“I think you are getting the hang of it,” he declared.


“Are you talking to me, or to Flicker?” Porter asked.  As the armor and the sword faded into nothingness once again, he was surprised to find that he wasn’t even out of breath.


“Both of you,” the giant clarified.  “Flicker may know how it needs to move, but in the hands of an untrained fighter it is no more than a shiny stick.  The two of you complement each other.”


A cold breeze blew through the forest, making the group shiver.  Porter paused, feeling the wind brush against him, and then held both his hands out in front of himself.  After a moment of concentration, he caused a small whirlwind to form between them, stretching to the ground where it began to kick up dust and leaves.  He let it spin for a few seconds and then released it, letting it dissipate.


“Kind of like how I could always use magic, but didn’t remember how until I needed it?”


Droma brought a hand to his chin. “Yes, almost exactly like that.”


“You always were good at that.”


Porter and Droma turned to see Ozzie standing at the edge of the clearing, watching them.  He still held Misty’s leash in his hands.


“Good at what?” Porter asked.


“Magic,” Ozzie answered, taking a step closer to them. “Not all the Slayers can do it.  Even the ones that can usually don’t get the hang of it until they’re almost done with their training.  You cast your first spell when you were barely six.”


“They trained me to do this?” Porter asked.


“Yeah,” Ozzie nodded.  “We’re supposed to learn a lot of different spells, but you were so good at controlling the wind that they let you focus on that.”


A bitter mood crept into Porter’s heart, and he scowled into the distance. “Yeah, and now we know why.  It’s because Mortoph locked me inside my own head and turned me into a puppet.”


An uncomfortable silence crept over the party.  The night they had rescued Sarah from Other Porter, Mortoph had revealed that Porter had been the first successful subject in the Repurposement experiment.  While all the other subjects had been reduced to zombies, their black and red eyes a dead giveaway, Porter had been able to function and live as a normal human being.  The whole idea still made Porter sick.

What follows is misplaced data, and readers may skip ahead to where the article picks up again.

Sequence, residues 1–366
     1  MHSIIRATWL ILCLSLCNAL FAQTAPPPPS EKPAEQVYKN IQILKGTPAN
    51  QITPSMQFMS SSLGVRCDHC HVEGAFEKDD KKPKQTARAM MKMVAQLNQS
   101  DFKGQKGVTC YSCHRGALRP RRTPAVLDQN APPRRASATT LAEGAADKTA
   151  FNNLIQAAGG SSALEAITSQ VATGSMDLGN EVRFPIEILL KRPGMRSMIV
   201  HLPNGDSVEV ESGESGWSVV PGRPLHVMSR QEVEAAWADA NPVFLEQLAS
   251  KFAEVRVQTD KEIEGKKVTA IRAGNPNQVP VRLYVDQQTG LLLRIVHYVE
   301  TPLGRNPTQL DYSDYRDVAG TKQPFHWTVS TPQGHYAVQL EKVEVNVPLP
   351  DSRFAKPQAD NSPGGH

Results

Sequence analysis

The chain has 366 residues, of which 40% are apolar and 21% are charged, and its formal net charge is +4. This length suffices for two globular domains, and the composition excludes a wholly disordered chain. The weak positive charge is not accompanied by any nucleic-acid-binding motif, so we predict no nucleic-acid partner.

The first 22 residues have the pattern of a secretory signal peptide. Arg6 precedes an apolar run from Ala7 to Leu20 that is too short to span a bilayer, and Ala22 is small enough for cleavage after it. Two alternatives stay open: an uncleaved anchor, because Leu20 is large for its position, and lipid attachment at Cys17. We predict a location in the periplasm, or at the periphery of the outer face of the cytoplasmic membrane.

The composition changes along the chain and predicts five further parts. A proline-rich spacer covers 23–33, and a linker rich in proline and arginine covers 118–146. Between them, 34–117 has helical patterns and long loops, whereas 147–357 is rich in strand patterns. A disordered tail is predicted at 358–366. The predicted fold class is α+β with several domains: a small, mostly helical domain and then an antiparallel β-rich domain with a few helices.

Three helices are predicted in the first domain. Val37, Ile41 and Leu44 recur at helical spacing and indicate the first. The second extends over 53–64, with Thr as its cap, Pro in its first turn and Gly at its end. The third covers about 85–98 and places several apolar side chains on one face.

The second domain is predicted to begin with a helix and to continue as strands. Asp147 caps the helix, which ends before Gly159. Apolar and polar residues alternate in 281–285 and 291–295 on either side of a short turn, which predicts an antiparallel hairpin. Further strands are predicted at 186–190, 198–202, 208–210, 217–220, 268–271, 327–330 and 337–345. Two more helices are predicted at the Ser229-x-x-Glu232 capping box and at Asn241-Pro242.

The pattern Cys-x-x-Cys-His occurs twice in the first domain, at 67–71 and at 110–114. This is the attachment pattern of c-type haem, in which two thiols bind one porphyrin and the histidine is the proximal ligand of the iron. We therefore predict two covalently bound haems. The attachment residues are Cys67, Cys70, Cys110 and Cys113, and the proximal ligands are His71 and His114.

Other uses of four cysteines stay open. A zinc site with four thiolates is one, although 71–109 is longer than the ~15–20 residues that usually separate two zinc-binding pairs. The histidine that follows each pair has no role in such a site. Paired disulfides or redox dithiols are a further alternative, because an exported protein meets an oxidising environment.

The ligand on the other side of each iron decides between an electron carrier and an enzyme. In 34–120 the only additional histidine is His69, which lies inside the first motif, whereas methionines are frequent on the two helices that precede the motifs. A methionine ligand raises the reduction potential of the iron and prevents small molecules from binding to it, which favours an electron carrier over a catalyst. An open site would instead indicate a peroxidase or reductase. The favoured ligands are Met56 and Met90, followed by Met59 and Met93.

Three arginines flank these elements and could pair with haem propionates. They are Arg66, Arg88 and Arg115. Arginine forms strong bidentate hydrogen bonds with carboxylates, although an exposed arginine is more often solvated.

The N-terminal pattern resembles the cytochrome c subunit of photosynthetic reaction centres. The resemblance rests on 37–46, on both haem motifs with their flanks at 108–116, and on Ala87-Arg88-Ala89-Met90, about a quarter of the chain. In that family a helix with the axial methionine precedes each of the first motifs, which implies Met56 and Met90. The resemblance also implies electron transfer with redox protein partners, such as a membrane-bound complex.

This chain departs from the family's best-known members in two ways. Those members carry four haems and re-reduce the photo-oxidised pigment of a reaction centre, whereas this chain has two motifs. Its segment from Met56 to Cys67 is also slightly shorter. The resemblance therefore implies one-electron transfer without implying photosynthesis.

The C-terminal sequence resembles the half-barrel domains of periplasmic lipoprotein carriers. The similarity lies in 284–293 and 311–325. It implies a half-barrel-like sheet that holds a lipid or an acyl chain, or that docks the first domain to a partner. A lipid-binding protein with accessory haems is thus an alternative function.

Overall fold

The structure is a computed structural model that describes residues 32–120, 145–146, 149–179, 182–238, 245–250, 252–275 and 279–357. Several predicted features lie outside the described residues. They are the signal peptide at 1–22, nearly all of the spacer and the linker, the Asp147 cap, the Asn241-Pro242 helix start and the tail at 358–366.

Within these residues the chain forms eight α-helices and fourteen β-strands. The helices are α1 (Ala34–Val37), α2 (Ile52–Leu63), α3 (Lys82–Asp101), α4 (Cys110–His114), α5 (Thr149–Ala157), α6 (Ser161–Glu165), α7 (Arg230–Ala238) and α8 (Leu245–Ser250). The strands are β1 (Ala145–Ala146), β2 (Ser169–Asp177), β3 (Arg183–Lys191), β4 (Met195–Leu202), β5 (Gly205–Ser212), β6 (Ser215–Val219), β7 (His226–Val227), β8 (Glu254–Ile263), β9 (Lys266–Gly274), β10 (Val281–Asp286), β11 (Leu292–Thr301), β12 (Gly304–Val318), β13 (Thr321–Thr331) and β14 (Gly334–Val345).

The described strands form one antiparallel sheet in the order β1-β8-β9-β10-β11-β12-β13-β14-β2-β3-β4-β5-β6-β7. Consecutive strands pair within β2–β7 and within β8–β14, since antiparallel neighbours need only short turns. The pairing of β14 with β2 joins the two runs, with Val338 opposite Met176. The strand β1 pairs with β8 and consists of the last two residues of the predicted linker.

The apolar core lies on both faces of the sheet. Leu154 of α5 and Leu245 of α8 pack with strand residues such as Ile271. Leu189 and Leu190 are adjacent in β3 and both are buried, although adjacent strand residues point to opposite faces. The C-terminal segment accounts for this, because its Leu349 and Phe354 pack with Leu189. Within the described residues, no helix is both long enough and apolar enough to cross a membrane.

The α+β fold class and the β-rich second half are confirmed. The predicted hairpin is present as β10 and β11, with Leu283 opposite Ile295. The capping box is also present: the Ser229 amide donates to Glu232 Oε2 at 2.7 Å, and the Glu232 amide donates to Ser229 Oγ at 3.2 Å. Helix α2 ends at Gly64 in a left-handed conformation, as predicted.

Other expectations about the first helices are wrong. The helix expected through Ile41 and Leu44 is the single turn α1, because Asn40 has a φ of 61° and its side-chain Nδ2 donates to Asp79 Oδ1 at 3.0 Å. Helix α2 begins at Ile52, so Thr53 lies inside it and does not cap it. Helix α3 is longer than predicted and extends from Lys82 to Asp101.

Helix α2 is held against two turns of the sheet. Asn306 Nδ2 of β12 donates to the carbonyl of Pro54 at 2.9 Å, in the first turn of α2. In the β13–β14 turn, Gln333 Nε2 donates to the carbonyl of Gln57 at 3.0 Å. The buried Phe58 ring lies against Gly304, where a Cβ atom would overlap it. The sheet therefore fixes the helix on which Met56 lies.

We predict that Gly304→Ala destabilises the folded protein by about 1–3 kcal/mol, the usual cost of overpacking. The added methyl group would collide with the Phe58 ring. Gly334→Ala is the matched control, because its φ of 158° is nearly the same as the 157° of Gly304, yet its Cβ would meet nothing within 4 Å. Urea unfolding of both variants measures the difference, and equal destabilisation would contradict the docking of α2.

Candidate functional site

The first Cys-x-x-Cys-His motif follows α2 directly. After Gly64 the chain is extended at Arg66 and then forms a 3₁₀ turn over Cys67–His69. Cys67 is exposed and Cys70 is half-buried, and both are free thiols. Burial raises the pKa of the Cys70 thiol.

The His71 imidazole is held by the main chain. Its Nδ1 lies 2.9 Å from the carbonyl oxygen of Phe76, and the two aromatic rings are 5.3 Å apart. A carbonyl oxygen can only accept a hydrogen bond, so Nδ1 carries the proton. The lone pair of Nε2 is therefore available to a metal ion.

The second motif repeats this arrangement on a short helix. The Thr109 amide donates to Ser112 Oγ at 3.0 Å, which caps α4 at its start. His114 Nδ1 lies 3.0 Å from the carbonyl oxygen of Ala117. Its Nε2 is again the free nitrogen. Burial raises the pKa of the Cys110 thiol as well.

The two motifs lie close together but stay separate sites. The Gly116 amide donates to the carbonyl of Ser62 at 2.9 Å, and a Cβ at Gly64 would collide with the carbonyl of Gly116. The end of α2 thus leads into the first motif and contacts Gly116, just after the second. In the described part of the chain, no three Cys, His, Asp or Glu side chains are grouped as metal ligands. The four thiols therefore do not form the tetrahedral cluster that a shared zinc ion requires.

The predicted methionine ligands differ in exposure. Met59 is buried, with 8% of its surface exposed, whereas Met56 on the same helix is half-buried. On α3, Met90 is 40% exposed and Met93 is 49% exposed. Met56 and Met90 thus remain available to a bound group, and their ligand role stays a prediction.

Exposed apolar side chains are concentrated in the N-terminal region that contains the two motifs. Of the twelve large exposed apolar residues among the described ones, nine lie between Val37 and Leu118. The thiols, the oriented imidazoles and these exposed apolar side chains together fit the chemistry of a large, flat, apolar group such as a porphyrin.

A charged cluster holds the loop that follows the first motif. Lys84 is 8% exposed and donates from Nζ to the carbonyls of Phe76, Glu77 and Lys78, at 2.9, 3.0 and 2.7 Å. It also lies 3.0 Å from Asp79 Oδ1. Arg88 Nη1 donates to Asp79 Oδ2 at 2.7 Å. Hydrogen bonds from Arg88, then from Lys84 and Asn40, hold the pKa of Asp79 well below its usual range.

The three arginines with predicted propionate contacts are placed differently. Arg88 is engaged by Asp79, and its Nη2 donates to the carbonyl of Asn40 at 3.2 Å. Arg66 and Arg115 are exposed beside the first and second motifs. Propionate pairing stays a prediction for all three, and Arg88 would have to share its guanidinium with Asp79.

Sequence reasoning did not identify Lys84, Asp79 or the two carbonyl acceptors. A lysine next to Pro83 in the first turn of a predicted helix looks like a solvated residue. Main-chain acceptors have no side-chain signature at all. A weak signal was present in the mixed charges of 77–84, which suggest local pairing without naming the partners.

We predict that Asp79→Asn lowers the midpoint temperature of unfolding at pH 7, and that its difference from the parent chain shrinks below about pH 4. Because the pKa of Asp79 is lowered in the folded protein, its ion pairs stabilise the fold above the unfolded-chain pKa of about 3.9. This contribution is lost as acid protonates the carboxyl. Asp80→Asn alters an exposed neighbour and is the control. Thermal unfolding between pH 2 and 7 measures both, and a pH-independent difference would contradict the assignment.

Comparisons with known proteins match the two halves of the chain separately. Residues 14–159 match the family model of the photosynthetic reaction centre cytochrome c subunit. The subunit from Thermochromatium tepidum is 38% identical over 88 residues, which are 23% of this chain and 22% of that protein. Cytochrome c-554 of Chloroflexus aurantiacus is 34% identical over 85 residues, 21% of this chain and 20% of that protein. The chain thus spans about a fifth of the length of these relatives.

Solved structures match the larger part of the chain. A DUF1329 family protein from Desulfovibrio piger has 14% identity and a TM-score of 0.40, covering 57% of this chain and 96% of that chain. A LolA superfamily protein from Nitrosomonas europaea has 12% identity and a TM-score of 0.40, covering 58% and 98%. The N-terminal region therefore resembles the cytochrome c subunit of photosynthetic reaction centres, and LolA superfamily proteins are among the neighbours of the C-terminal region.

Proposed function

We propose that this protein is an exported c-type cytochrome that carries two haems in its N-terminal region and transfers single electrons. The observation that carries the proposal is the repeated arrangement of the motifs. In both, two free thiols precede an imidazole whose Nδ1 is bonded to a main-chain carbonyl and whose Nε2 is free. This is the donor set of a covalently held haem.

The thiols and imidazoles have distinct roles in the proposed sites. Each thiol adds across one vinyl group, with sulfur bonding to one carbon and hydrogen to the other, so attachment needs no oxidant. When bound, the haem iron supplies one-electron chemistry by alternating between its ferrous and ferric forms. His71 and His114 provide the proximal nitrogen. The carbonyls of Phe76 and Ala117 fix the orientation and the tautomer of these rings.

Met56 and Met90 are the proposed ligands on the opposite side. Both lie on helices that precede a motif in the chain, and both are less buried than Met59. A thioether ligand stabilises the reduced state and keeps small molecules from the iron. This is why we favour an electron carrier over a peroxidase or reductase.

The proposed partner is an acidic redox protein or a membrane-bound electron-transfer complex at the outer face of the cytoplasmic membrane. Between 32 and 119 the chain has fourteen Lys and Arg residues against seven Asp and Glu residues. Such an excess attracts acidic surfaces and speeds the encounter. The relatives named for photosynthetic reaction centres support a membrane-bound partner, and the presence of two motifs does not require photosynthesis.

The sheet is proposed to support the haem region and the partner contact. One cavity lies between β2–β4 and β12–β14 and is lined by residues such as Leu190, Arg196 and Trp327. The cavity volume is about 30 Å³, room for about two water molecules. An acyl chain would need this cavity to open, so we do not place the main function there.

With an angry growl, he summoned Flicker back to his hand, along with the gauntlets of his armor, and lashed out, the blade cutting cleanly through a nearby tree.  He watched with satisfaction as the tree fell and crashed to the earth.  Unproductive waste of energy though it might be, nobody said anything.  If anyone had the right to let off some steam, it was Porter.


“We need to keep moving,” he said at last.  “Gwinn, where are we going?”


Casting his spell again, Gwinn pointed into the woods and took the lead.  Everyone fell in behind him without complaint.  Porter walked in silence, staring at the ground until Sarah caught up to him.


“Porter, are you all right?” she asked.


“Of course I’m not,” he answered.  There was no point in lying to her.  Sarah knew him too well.  “A psychopath turned me into a murderer for twelve years.  How many Mythics have I killed because of what he did to me?”


“That wasn’t you,” Sarah argued.  “That was Other Porter, remember?”


“It was still me,” Porter insisted.  “It was my hand that swung the sword.”


Sarah shook her head. “Don’t you remember anything about Other Porter?  He was cruel, selfish, and violent.  Does that sound anything like you?”


Porter didn’t answer, but a small blush rose to his cheeks.


“No, it doesn’t,” Sarah answered for him.  “You’re kind, sweet, and brave!  You look out for your friends before you think of yourself, and you’d never willingly take someone’s life.  Porter,” she looked at him in the eye, “when you fought Other Porter, you were facing your own past, and you beat it!  You overcame the person you used to be and proved that who you are now is stronger!”


Sarah paused for a moment.  “Besides,” she concluded, “he’s probably dead now, anyway.”


Porter shivered.  They had left him behind to face Mortoph alone.  There was no possible way he could still be alive.


“The point is,” the sphinx continued, putting herself back on track, “that it doesn’t matter who Mortoph turned you into.  What matters is who you choose to be now.  Remember what Lowatai said the first time we met her?”


“Don’t worry about who you used to be, let yourself become who you are now,” Porter answered.  A small smile rose to his lips. “I remember.  Thanks, Sarah.”


Sarah grinned. “It’s the least I can do after everything you’ve done for me.  Besides,” she moved closer so that her side was brushing up against Porter’s hip, “I love you.  I’d do anything to make sure you feel good about yourself.”


Porter put a grateful hand on the precious sphinx’s back as they continued to walk, forcing the dark thoughts of the past to the back of his mind.  He would rather think about Sarah, the one who loved him, and would always love him no matter what happened, than the monster he had used to be any day.




NEXT TIME: Tensions are high.  Misty’s plotting against the group, and Porter and Sarah are having second thoughts. If they don’t get a boost in confidence soon, they’re mission isn’t going to end well.  Things are bad right now for Tick too, but can they still get worse?  Well… just keep in mind what the caravan caught him for in the first place.